Trey dropped his phone and barricaded himself inside one of the room’s two closets, she said. When he left, he saw three bodies and pools of blood.
Courtney and her boyfriend, 19-year-old Austin Evans, graduated from the school last year. They said the art room is located near a main, back exit of the school, and the room itself has an exit that leads to the parking lot.
After being turned away from the school, Courtney and Evans walked to Arcadian First Baptist Church, where Courtney’s mother works.
In the parking lot, National Guardsmen gathered supplies before driving towards the school in a military vehicle. Small groups began to gather in the church’s parking lot, staring at their cell phones and sharing details they heard from friends and from news outlets
10:35 a.m.: The University of Texas Medical Branch in Galveston has received three patients, the hospital reported on social media. Two are adults and one is under 18.
Clear Lake Regional Medical Center in Webster received seven injured students, a spokeswoman for that facility said. Previous reports that an injured officer was taken there are wrong, she said. Two other injured students were taken to Mainland Medical Center in Texas City, she said.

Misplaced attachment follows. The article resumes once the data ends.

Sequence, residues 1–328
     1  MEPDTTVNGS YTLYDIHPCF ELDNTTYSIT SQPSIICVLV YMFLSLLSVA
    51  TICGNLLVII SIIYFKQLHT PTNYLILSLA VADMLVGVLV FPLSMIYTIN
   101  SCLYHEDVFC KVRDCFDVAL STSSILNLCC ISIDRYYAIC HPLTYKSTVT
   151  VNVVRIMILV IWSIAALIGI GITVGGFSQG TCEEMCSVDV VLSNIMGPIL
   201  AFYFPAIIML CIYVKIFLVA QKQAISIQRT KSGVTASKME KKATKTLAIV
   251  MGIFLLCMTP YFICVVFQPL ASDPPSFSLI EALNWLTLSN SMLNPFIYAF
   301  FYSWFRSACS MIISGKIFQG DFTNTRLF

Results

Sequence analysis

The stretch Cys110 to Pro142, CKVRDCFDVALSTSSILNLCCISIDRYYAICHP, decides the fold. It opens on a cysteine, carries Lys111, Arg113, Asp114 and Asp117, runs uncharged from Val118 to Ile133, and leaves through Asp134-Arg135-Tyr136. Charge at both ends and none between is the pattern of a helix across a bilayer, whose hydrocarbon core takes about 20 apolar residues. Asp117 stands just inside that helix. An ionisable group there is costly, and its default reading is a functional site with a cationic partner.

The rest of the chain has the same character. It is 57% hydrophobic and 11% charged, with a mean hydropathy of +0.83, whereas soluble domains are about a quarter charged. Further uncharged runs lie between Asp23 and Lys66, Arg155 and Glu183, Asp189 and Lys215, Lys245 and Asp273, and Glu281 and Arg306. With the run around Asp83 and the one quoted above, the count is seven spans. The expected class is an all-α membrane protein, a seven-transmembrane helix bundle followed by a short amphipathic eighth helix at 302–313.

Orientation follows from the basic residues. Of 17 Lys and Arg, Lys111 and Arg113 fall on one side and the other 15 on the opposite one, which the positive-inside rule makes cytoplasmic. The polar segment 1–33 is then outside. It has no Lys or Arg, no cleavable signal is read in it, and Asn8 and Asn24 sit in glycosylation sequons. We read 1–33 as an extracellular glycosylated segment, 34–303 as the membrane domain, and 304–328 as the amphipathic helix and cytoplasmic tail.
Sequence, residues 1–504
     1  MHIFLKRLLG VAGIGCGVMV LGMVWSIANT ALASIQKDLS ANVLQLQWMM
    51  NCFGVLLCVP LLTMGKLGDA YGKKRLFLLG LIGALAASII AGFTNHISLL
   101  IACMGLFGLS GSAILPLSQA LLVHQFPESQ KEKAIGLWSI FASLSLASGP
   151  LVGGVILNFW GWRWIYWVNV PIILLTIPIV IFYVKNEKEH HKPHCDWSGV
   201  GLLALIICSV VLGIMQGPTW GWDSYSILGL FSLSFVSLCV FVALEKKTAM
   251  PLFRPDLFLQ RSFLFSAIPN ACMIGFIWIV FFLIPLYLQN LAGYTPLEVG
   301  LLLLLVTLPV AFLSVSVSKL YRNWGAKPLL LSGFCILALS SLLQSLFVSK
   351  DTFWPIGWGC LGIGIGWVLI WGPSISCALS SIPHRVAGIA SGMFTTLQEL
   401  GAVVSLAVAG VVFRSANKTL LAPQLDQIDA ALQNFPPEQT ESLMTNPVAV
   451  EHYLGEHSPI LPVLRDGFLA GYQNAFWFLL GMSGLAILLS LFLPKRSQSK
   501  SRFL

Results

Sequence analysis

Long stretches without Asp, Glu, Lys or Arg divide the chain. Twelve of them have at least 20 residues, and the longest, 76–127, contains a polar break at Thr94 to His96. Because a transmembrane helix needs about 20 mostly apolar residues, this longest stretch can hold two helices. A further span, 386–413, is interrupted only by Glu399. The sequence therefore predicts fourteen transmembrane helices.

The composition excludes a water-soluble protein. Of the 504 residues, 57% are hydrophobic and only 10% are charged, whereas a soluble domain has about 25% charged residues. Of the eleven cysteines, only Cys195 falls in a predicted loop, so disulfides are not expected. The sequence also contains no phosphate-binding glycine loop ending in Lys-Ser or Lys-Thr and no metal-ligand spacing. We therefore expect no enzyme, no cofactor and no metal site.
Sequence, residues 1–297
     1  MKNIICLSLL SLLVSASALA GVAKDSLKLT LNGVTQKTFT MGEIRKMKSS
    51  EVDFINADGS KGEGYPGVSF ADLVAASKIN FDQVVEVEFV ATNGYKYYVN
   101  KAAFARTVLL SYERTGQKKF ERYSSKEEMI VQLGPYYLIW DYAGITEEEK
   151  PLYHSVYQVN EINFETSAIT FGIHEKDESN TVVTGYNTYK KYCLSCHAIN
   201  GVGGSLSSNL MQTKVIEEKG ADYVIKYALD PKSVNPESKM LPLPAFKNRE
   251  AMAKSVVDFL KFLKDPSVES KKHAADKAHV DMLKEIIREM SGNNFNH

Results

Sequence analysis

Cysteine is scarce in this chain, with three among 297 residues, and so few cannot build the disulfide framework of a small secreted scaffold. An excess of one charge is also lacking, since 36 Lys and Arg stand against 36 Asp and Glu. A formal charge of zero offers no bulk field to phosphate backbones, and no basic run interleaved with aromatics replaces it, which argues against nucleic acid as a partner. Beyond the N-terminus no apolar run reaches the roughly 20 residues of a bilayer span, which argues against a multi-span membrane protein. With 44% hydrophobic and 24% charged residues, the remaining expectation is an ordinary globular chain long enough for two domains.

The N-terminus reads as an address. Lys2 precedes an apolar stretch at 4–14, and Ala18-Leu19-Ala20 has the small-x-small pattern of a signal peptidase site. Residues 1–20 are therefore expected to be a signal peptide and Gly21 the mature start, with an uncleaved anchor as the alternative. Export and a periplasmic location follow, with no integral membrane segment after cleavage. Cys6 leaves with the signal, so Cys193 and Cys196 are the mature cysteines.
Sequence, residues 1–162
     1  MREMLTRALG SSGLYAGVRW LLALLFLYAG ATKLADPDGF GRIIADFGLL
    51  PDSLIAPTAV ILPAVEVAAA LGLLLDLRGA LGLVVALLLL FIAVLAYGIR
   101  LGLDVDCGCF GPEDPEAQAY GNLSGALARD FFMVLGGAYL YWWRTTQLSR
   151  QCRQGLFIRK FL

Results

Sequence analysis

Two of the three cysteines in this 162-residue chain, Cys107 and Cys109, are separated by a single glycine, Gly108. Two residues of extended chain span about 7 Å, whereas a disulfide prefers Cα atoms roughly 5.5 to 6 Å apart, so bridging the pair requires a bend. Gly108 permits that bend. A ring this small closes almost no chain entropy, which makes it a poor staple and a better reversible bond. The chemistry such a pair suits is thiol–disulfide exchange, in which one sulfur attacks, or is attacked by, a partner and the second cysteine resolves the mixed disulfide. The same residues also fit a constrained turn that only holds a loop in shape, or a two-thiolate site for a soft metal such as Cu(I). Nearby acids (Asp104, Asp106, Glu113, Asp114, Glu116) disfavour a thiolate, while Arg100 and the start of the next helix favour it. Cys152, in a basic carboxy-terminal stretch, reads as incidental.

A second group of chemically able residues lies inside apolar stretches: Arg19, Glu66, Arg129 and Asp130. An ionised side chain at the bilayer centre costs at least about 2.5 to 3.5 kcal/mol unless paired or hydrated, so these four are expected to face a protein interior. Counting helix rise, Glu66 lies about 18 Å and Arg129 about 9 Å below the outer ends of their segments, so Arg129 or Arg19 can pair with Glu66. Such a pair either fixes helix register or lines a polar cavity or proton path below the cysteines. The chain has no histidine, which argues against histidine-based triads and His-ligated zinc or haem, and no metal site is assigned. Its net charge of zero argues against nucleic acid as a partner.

The conditions of all of the injured are unknown.
An unidentified law enforcement officer was shot, but sources said he was “clipped” and was not seriously injured.
One source said the gunman was a male, but could provide no further information.
The shooter has been “arrested and secured,” said Santa Fe HS Assistant Principal Dr. Cris Richardson.
Several other students as well as an officer was injured in the shooting.
Joe Gamaldi with the Houston Police Officers Union tweeted, “Please keep the officers in your prayers as one officer is being life flighted to the hospital.”
Students described the gunfire, which broke out about 7:30 a.m.
Junior Liberty Wheeler, 14, was in class when she heard five shots ring out near the art room.